The Board of Directors of the Millennium Challenge Corporation (MCC) approved financing for an anti-corruption initiative in Ukraine.  Ukraine is presently ineligible for broader MCC Compact assistance because of persistent problems with public corruption, one of 16 factors used to select countries to participate in the Compact program.  Compact eligibility is reserved for countries that score above the median on independently measured indices such as political and economic freedom, investment in education, control of corruption, respect for civil liberties, health care spending, fiscal and trade policies and judicial fairness.

“Ukraine is undertaking bold reform programs to tackle corruption and attract more international investment, including possible future MCC Compact assistance that is designed to reduce poverty through economic growth,” said Ambassador John Danilovich, Chief Executive Officer, MCC, press office of the corporation reported.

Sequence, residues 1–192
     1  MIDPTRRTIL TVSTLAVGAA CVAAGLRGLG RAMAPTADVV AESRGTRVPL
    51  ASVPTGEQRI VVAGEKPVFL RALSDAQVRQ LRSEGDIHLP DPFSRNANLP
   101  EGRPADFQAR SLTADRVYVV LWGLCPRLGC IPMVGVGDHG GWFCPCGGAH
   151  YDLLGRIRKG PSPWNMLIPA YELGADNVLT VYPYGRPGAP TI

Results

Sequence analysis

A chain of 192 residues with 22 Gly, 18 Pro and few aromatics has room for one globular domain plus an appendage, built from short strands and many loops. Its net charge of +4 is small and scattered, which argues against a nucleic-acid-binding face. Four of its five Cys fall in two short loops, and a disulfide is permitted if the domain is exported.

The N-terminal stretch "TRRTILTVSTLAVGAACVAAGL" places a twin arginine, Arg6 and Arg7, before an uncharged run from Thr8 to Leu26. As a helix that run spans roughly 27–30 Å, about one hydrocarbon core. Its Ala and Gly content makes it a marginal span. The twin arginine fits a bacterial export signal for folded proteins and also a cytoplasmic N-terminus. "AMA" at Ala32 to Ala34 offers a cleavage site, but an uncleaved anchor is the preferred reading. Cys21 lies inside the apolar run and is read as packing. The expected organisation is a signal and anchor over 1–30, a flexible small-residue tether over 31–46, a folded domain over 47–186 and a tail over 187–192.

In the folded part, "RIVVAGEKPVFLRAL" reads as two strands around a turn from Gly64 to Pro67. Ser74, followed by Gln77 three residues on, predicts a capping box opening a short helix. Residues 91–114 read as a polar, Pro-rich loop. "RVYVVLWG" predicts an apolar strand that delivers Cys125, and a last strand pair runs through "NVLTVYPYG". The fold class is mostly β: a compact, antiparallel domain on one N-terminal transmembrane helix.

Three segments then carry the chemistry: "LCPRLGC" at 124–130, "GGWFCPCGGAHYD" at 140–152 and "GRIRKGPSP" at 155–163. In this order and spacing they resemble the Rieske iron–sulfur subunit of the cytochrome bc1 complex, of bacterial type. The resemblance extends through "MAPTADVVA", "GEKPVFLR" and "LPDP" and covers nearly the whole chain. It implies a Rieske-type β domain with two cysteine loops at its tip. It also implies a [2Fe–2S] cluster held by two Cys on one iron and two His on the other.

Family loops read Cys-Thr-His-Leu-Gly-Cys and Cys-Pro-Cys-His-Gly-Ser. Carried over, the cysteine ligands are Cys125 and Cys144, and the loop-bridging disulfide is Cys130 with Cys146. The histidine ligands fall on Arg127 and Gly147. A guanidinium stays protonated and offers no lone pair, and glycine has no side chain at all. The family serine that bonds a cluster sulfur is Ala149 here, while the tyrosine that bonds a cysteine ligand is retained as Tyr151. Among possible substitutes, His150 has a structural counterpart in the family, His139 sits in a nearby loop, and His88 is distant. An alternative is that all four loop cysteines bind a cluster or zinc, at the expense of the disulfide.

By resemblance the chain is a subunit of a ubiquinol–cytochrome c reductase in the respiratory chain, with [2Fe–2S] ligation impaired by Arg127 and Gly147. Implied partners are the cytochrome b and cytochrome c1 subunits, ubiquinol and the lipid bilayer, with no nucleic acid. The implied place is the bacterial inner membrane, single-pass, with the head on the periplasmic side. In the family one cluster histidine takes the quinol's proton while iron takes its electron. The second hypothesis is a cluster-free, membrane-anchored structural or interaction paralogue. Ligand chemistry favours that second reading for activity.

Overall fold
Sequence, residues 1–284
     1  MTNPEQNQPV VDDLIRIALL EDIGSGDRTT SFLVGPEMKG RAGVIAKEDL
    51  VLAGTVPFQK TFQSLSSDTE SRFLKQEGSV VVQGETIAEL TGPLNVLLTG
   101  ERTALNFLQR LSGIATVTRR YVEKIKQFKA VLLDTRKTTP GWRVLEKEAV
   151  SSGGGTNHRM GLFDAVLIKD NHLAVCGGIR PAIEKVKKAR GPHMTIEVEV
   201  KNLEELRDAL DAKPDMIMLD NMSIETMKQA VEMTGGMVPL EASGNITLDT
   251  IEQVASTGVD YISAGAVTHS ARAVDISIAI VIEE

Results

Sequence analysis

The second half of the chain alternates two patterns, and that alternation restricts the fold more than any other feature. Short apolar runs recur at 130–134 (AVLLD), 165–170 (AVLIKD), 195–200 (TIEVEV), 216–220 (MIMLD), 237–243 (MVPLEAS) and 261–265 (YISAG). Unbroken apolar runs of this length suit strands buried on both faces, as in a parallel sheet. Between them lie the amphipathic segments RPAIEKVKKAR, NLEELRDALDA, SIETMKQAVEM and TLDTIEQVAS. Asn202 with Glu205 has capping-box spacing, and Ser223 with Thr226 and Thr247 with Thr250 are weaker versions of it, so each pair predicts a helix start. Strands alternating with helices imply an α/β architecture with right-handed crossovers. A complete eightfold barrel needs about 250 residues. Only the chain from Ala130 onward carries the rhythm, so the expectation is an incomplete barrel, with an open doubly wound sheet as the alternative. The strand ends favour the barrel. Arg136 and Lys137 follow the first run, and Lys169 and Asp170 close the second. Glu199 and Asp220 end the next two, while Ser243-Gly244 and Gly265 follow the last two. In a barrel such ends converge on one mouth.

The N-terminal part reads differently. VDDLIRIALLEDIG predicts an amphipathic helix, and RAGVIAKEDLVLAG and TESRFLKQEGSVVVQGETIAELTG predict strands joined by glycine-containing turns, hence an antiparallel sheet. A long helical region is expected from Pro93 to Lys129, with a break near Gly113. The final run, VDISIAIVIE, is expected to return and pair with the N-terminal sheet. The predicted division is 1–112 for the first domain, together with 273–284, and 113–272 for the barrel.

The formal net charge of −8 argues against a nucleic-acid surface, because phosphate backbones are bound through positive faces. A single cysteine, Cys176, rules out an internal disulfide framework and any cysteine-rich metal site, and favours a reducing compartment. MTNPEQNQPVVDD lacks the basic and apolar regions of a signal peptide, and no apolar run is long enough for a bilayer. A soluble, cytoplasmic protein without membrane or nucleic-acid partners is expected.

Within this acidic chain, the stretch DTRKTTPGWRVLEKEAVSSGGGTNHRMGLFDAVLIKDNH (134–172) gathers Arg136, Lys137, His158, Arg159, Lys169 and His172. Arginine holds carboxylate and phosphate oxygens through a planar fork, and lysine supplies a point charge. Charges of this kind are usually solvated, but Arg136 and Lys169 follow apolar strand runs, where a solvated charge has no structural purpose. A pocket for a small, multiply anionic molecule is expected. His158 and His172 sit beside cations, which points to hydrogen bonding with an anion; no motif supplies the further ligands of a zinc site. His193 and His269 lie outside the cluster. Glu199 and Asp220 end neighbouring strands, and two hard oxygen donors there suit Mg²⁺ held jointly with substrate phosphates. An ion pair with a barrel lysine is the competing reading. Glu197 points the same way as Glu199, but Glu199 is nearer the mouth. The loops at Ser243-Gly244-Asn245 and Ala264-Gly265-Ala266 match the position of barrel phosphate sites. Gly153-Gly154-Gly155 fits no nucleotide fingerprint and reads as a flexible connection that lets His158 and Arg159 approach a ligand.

Ukraine's poor performance on the corruption index is primarily attributable to weak conflict of interest laws, a lack of independence, efficiency, and integrity in the judiciary, inadequate whistleblower and witness protection programs, and endemic corruption in the police force, educational and medical institutions, as well as customs and tax administration.  The Ukraine initiative targets many of these obstacles as the country seeks to qualify for Compact eligibility.

The two-year $45 million initiative in Ukraine will be administered by the United States Agency for International Development and aims to reduce corruption in the public sector through strengthening civil society's monitoring and exposure of public corruption, reforming the judiciary, increasing government monitoring and enforcement of ethical and administrative standards, streamlining and enforcing regulations and combating corruption in higher education.


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